12 August 2013


[Jakarta, 13 August 2013] Government forces planning the imminent eviction of thousands of squatters from a plantation in Sumatra must avoid excessive force and ensure that no one with a legitimate claim is removed.

The warning comes in Mesuji: Anatomy of an Indonesian Land Conflict, the first report issued by the Jakarta-based Institute for Policy Analysis of Conflict (IPAC). The report tracks a dispute over a protected forest area-turned-industrial tree plantation known as Register 45 in Lampung that could be headed for a showdown in the coming days.  The Mesuji case is important because:

  • it has a history of violence and could explode if the eviction is poorly handled;
  • it shows the complexity of land conflicts where almost every actor involved has been both perpetrator and victim of a perceived injustice;
  • it shows how the conflict changes as local politicians begin seeing new arrivals not as squatters but as potential votes;
  • it shows how fraught the concept of indigeneity can be, when outside interests help create new customary (adat) councils in order to stake claims to land.
  • It underscores the urgency of finding better mechanisms to measure and map land and consult with communities before and not after major agribusiness concessions are granted.

The battle over Register 45 has been simmering for years between the company that operates the plantation and at least five different groups of claimants, as well as among the claimants themselves. Over the last two years, however, a new wave of settlers, organized by groups with different political and economic interests, has flooded onto the land in unprecedented numbers.  Frequently duped into buying land they thought they owned, they also had backers who helped bring in heavy equipment to clear the company’s trees, burn off the vegetation, build roads and houses—and plant cassava as far as the eye can see. Cassava, traditionally the food staple of those too poor to buy rice, has become a key starch for bio-fuels and therefore a valuable commodity.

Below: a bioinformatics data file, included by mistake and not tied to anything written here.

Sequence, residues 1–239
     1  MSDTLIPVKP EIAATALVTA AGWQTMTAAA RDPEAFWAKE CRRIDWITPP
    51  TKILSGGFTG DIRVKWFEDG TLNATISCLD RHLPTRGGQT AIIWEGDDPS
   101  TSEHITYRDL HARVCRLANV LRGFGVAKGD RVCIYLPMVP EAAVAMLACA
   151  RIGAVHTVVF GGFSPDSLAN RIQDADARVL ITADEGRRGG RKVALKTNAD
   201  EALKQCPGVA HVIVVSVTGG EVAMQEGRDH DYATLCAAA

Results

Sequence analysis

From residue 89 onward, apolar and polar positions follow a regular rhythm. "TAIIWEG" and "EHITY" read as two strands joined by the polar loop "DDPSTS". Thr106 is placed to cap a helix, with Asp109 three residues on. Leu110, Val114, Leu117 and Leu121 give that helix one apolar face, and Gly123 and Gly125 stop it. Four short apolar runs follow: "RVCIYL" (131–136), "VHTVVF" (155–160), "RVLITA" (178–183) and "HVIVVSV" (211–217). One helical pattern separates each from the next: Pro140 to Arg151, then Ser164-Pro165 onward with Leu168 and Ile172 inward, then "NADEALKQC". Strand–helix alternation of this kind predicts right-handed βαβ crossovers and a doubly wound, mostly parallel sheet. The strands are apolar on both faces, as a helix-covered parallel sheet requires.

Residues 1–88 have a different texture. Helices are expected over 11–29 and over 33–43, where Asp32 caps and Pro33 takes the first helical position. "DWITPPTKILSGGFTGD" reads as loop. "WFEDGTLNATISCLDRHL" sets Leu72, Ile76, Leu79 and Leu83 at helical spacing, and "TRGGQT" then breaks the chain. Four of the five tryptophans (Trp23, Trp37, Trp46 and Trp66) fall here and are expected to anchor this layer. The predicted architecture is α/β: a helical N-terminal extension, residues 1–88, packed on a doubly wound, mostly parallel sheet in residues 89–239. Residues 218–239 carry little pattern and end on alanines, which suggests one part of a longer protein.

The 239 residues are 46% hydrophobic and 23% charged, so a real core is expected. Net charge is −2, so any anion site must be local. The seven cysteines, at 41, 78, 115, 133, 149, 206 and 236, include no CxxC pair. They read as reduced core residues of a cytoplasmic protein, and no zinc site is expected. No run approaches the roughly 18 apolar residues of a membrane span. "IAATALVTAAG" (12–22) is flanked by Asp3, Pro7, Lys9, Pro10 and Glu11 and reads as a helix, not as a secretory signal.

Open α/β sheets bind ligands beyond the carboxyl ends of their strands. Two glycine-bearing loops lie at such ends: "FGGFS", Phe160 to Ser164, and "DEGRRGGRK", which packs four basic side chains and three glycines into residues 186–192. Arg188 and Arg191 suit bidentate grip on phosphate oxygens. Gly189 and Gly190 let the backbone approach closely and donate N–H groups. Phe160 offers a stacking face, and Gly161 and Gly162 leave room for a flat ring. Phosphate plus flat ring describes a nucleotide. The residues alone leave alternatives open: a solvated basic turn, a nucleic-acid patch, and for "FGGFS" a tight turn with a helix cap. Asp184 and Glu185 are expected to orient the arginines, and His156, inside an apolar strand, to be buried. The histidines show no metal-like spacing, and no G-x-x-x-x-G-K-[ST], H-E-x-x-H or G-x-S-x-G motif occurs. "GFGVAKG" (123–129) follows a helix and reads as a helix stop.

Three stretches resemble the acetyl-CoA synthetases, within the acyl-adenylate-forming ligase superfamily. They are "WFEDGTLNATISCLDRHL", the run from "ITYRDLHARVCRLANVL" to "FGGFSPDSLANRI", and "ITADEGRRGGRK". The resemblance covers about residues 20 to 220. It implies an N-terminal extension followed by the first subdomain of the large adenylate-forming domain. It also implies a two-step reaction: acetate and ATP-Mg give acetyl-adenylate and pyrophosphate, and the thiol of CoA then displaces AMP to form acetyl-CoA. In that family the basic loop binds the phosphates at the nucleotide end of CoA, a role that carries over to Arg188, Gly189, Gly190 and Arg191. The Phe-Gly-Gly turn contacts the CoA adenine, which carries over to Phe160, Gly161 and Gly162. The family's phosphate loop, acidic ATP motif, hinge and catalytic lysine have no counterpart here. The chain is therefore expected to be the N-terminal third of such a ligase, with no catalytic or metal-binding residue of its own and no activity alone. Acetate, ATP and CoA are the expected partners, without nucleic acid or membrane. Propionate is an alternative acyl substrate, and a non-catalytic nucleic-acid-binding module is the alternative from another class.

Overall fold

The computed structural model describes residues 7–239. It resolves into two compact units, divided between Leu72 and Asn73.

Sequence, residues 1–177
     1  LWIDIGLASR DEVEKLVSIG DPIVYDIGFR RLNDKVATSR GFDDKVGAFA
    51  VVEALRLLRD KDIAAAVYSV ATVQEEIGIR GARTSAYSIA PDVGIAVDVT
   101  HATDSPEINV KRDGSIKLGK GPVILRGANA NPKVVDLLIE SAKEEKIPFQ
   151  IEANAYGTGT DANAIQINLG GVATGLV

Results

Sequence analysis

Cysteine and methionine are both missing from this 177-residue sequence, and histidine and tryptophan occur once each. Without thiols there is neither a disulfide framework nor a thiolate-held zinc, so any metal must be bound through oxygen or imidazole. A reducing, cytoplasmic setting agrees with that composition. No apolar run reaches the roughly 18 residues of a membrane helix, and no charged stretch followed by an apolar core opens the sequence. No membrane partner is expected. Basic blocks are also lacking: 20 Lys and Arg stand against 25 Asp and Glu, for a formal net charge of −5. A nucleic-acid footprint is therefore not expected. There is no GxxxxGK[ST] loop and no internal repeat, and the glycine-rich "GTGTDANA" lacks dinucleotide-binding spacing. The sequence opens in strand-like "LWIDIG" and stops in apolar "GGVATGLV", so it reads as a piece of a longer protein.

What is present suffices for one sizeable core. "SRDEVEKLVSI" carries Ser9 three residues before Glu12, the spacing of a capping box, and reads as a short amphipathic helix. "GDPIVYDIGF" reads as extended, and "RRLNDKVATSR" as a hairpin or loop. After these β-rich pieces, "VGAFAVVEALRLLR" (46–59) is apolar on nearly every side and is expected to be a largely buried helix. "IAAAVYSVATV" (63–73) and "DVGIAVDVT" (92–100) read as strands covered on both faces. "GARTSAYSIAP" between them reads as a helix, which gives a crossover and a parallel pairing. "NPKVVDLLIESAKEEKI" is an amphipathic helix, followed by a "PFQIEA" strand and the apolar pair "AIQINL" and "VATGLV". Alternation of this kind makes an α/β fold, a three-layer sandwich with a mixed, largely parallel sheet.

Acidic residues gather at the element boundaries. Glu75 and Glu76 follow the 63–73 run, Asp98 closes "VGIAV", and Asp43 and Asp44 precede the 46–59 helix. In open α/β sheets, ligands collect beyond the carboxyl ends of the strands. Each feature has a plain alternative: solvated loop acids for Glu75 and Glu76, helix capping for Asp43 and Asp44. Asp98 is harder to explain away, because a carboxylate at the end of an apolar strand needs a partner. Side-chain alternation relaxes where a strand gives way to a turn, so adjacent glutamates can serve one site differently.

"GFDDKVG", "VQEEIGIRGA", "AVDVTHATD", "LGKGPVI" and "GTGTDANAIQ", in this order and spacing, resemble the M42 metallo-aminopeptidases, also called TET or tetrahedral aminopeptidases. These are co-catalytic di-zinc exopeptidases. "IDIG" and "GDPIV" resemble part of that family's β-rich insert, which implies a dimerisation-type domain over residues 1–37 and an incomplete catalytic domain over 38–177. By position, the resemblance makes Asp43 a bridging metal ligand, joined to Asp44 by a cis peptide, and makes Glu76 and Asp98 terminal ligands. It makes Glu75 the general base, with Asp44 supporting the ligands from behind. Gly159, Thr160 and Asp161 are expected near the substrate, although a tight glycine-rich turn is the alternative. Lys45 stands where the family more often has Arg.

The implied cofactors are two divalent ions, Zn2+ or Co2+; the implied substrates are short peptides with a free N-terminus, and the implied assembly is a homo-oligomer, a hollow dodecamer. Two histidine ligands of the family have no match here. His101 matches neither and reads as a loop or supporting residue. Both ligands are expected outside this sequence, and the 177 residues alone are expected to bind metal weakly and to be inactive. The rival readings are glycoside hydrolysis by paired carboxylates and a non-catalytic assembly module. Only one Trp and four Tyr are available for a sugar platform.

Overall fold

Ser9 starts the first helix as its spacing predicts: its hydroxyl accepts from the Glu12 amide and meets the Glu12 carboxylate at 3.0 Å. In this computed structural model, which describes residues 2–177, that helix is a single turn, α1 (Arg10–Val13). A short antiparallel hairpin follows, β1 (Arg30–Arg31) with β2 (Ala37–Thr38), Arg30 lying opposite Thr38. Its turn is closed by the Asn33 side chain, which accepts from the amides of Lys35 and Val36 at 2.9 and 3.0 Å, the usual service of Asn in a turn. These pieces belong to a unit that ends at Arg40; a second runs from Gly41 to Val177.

In late July 2013, over 400 troops moved in to Register 45 tell the settlers to leave or face forcible eviction after the Idul Fitri holidays. The newcomers are not just cutting down trees and burning land—all in clear view of the local police—but they are also complicating the efforts of a much smaller group of farmers to get recognition for historical claims to parts of Register 45. 

“Eviction of the recent arrivals will remove one group of spurious claimants, but it will still leave unresolved issues between the local community and the company that need to be addressed,” says Sidney Jones, IPAC director.  “The government also needs to probe how, why and by whom the influx of settlers was organized – and who reaped the benefit of all those land sales.” 

The new report also urges the government to implement the recommendations of a 2012 fact-finding report on Mesuji.


Land and Resource Disputes

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